A story inspired by a letter from a father to his daughter about wildfire, loss, and learning that we carry our homes inside us wherever we go

In the shade of ancient redwood trees, by a creek, not far from the ocean, a father builds a house for his newborn daughter, where she grows up wild and strong in their coastal canyon home. When a wildfire takes back their beloved house, a father writes his now-grown daughter a letter telling her it’s gone. Inspired by the real letter the author wrote his daughter, this poignant story—written together by father and daughter—joyfully declares that a home is more than just wood and stone; it is made of love and can never be taken away. You carry home with you wherever you go.”

A Room of Your Own: A Story Inspired by Virginia Woolf’s Famous Essay by Beth Kephart, Illustrated by Julia Breckenreid

A picture book about the places we go to create, inspired by Virginia Woolf and her noted essay

Sometimes Virginia Woolf wrote her stories in a garden shed. Sometimes she wrote them among stacks of books in a cool basement. And you? Where do you go to think, to dream, to be? The shade beneath a tall tree? The brick step on a city stoop? The cozy spot beneath the kitchen table? Or inside the night’s deep dark? Not all rooms require four walls and a roof. Inspired by the writer Virginia Woolf and her celebrated essay, “A Room of One’s Own,” A Room of Your Own is about the importance of claiming a space for oneself.”

Fighting for YES!: The Story of Disability Rights Activist Judith Heumann by Maryann Cocca-Leffler, Illustrated by Vivien Mildenberger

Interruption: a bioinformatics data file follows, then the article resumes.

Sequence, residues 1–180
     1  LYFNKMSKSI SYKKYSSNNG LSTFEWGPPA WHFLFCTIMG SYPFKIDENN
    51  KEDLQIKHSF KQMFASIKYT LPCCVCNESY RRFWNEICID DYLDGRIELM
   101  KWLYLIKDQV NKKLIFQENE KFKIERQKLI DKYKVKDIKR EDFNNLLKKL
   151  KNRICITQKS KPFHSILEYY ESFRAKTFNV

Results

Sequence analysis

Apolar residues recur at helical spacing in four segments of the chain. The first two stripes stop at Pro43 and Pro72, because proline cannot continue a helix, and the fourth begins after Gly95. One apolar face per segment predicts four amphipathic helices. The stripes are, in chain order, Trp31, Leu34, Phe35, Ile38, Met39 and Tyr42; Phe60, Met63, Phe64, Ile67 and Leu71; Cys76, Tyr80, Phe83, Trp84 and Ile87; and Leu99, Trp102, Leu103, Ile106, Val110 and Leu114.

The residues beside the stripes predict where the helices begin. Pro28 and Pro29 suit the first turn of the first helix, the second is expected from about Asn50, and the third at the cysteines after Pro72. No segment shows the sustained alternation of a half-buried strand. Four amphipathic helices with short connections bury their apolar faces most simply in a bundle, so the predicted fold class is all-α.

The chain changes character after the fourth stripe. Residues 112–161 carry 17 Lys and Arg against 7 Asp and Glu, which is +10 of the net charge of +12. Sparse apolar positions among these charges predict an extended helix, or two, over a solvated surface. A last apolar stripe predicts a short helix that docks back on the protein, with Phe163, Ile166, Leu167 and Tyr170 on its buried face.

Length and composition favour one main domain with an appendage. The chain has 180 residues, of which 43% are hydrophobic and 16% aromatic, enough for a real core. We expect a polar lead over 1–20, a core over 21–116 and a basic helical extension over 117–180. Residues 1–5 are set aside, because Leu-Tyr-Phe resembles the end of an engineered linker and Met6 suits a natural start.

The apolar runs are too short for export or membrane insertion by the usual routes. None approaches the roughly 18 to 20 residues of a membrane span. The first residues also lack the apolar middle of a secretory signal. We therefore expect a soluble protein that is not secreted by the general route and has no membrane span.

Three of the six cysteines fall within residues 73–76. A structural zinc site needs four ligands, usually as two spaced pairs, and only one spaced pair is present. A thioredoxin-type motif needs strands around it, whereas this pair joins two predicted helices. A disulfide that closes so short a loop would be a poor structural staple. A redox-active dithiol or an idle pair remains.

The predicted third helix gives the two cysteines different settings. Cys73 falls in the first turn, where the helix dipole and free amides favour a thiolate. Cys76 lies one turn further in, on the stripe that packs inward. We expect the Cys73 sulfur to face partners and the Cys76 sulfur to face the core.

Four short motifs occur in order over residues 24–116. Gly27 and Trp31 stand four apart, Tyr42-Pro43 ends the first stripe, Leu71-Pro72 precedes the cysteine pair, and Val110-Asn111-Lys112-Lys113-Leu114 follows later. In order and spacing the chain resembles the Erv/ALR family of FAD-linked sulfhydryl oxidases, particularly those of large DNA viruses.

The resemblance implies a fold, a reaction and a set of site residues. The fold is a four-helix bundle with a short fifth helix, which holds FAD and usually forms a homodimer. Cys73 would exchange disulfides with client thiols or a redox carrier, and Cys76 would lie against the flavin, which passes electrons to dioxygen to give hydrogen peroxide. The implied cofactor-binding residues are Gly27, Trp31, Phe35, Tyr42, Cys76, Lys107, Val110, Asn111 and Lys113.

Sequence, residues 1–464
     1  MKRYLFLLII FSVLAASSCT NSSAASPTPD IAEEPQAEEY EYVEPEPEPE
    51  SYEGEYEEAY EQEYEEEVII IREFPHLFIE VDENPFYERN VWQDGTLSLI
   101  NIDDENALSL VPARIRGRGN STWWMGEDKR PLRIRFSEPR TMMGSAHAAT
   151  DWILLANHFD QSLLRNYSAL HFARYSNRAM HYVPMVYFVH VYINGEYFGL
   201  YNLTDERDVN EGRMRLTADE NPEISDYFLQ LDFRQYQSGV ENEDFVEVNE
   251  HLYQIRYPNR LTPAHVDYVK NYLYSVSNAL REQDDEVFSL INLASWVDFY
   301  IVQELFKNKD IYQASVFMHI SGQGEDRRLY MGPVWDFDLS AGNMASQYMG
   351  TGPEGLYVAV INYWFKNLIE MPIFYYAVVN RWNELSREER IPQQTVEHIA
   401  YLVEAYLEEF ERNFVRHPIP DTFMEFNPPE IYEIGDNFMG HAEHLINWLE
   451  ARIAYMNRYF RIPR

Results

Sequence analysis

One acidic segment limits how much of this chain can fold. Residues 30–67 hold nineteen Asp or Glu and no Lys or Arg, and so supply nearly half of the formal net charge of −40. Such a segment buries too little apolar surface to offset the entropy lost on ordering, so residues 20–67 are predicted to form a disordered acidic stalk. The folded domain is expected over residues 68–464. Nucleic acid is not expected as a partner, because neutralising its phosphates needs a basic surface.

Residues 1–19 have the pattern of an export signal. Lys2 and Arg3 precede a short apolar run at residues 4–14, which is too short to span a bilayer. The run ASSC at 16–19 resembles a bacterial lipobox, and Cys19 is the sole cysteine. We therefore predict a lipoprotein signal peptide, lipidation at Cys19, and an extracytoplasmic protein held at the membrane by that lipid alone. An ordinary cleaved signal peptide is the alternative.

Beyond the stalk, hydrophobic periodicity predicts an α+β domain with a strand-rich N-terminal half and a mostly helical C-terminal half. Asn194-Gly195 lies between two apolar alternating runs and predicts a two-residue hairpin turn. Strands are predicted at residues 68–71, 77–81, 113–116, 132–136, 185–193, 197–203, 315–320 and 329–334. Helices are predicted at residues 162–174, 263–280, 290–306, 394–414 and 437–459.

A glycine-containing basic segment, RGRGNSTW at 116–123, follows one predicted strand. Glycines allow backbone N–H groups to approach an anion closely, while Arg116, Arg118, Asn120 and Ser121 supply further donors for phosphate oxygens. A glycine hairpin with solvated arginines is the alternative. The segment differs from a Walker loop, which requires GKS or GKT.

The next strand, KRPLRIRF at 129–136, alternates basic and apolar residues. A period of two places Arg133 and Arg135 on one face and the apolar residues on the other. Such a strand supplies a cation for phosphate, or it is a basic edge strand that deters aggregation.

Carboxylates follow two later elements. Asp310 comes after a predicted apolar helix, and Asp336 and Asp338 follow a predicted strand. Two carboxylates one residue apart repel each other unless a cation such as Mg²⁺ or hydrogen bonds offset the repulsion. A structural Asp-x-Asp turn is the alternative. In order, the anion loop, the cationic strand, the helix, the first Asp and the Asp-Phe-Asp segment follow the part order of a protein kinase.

A picture book biography celebrating the life and work of disability rights activist and icon Judith Heumann, highlighting one of her landmark achievements—leading the historic 504 Sit-in in 1977

From a very young age, Judy Heumann heard the word NO. When she wanted to attend public school, the principal said, “NO.” When she wanted her teaching license, the New York Board of Education said, “NO.” Judy and people with disabilities everywhere were tired of hearing “NO.”

In the 1970s an important disability rights law, Section 504 of The Rehabilitation Act of 1973, was waiting to be signed. Judy and other disability rights activists fought for “YES!” They held a sit-in until Section 504 was signed into law. Section 504 laid the foundation for the Americans with Disabilities Act, which was established thanks in large part to the ongoing work of Judy and her community.”

Penguins Don’t Wear Pink by Jeffrey Turner

“Henry the penguin adores all things pink. Whether it’s lemonade, a bicycle, or his favorite hat, Henry stays true to what he loves . . . until a schoolmate suggests that he looks ridiculous in his beloved pink hat. Peer pressure erodes his confidence, causing Henry to question himself. Although he wavers, Henry finds the strength to remain steadfast in embracing his love of pink regardless of what other penguins may say. He learns that everyone will have an opinion about his choices, but they can’t control his self-expression. Ultimately, in learning to be true to himself, Henry finds friends who accept him for who he is.”